The tourist destinations involved miles and miles of walking. The zoo in particular is huge. We walked steadily, for  four and a half hours, with lots of hill and stair climbing. Together we estimated we walked about ten miles at the zoo alone.

But it was soooooooo worth it! We saw the baby jaguars, the huge silverback gorilla, and... well, everything else that lives there, actually.

No wonder I'm absolutely exhausted today.
Good thing I booked myself off a hermit day today. I'm too tired to even unload pictures I took. Maybe later..

Monday, August 13, 2012

More from Raven

I feel vindicated.

"Having worked with this anatomical information issue for some years now, I can assure everyone that it's not really as bad as Jacobs suspects.

"It's much, much worse."

..... from Raven's latest blogpost on this annoying and confounding anatomy mis-labeling: 

It all depends on what the meaning of "is" is: 05-Augean Stable Song, part 1 (#12/31)

Also see:

ADD: August 23/12:
There are a couple more of these blogposts by Raven, #13/31, and  #14/31.
I asked her privately if she agreed that just using the term "superficial fascia" (instead of a more appropriate term, such as hypodermis, or subcutis), just contributed more hole to the hole in the hull, to a deepening of an undesirable meme, and she said she did. 

I consider this topic now successfully dealt with, and closed.

Sunday, August 12, 2012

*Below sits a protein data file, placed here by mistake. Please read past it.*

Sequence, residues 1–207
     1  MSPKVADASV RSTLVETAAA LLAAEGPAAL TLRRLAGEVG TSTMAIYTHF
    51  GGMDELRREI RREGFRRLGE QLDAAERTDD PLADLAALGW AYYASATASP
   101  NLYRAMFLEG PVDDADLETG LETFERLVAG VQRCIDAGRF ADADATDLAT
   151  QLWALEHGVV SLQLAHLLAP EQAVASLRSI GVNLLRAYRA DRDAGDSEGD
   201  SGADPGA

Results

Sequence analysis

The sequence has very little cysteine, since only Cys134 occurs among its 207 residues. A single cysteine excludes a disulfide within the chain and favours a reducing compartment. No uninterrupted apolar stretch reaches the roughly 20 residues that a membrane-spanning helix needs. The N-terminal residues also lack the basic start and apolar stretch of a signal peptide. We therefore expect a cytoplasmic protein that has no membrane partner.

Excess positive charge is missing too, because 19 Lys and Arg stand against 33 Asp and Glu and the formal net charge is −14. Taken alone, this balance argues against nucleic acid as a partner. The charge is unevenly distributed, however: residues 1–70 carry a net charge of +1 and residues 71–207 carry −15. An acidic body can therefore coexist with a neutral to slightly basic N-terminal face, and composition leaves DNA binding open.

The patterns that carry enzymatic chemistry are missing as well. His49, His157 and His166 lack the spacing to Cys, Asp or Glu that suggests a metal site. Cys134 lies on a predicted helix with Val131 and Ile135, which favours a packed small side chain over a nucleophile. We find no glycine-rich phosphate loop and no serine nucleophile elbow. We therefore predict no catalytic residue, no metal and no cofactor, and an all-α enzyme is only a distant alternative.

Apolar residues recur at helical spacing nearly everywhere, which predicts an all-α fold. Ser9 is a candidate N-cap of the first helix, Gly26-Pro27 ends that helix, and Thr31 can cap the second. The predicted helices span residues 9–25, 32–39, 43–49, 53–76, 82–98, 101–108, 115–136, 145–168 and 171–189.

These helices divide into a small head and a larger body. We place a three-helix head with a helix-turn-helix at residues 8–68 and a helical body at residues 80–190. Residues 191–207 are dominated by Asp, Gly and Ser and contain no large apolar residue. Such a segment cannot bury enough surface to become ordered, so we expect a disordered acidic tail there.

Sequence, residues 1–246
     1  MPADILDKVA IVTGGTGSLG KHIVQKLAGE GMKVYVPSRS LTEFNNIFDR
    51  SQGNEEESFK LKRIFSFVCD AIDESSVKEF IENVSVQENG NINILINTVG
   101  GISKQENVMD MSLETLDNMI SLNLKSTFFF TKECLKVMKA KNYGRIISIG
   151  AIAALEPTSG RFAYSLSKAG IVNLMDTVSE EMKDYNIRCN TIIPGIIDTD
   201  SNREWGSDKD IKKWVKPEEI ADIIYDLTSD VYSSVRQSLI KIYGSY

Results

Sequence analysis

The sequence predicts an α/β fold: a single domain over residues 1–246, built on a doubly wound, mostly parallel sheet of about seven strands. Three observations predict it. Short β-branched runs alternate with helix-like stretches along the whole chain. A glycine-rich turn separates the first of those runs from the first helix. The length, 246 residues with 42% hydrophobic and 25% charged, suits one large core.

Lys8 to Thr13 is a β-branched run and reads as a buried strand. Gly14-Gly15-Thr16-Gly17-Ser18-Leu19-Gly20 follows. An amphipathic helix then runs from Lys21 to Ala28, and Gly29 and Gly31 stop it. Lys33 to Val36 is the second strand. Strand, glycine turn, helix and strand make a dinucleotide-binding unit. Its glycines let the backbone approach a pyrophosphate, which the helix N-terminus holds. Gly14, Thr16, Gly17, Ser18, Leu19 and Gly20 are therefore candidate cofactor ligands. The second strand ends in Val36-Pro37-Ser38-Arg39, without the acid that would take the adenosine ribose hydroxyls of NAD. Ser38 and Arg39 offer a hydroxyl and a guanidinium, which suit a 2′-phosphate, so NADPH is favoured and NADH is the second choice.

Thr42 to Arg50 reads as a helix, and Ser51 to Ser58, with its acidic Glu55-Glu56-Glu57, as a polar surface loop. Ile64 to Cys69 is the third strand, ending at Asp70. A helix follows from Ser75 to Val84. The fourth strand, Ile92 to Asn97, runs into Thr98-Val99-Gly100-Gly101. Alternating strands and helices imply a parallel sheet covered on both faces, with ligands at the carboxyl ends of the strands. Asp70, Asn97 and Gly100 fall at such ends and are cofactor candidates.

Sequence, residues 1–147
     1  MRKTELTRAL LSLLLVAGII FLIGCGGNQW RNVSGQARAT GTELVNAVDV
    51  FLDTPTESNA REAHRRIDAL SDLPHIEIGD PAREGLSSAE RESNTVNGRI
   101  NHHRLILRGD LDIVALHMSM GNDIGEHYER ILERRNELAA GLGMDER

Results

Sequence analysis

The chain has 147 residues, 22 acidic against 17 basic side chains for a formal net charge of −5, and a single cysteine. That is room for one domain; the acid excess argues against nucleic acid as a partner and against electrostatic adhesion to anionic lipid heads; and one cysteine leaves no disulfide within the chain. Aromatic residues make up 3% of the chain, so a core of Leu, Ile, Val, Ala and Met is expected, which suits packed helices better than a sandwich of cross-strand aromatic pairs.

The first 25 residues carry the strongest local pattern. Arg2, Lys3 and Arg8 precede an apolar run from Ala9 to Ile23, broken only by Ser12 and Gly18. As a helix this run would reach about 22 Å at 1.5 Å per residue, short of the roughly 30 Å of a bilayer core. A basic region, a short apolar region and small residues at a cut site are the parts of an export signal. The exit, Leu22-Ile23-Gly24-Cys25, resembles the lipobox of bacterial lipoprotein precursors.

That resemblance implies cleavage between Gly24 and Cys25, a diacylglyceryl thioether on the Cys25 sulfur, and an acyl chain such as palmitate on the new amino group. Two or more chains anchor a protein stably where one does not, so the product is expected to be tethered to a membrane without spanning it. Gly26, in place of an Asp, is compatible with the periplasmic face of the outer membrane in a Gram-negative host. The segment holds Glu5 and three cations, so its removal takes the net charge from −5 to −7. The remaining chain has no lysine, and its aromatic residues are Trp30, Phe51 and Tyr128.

Here's Raven - again!

Ravensara Travillian continues to dig deeply into developing her answer:

It all depends on what the meaning of "is" is: 04-Pandas and raccoons and bears, oh my! (#11/31)

Raven has dug in her shovel, and is carefully unearthing, then brushing into relief, all sorts of archeological strata in order to design the most meaningful and careful answer to a question that anyone has perhaps ever provided anyone else ever. Read her answer closely. Learn about philosophy. Learn about ontology. Learn about taxonomy. 
She likes investigating layers, and not just anatomical layers - layers of knowledge!

This shouldn't come as a surprise to anyone, necessarily, but here we have an actual trained educator talking (not just an amateur who reads a lot and has many opinions, like.. oh, myself for example...), and... AND, she is showing us the inside of her very well-appointed mind
And she's doing it for free. 
And I'm in awe, because a very very tidy mind it is; it appears to be organized into beautiful little coloured bullet points! 


Saturday, August 11, 2012

Heeeeeeere's.... Raven!